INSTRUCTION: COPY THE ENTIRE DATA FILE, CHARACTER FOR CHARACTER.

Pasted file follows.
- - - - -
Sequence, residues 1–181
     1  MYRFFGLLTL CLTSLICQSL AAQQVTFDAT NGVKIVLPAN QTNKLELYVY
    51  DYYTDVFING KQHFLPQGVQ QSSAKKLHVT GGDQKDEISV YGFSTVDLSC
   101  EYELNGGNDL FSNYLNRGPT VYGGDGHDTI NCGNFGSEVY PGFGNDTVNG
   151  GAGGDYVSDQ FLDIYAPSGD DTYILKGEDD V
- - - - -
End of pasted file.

Sequence, residues 1–181
     1  MYRFFGLLTL CLTSLICQSL AAQQVTFDAT NGVKIVLPAN QTNKLELYVY
    51  DYYTDVFING KQHFLPQGVQ QSSAKKLHVT GGDQKDEISV YGFSTVDLSC
   101  EYELNGGNDL FSNYLNRGPT VYGGDGHDTI NCGNFGSEVY PGFGNDTVNG
   151  GAGGDYVSDQ FLDIYAPSGD DTYILKGEDD V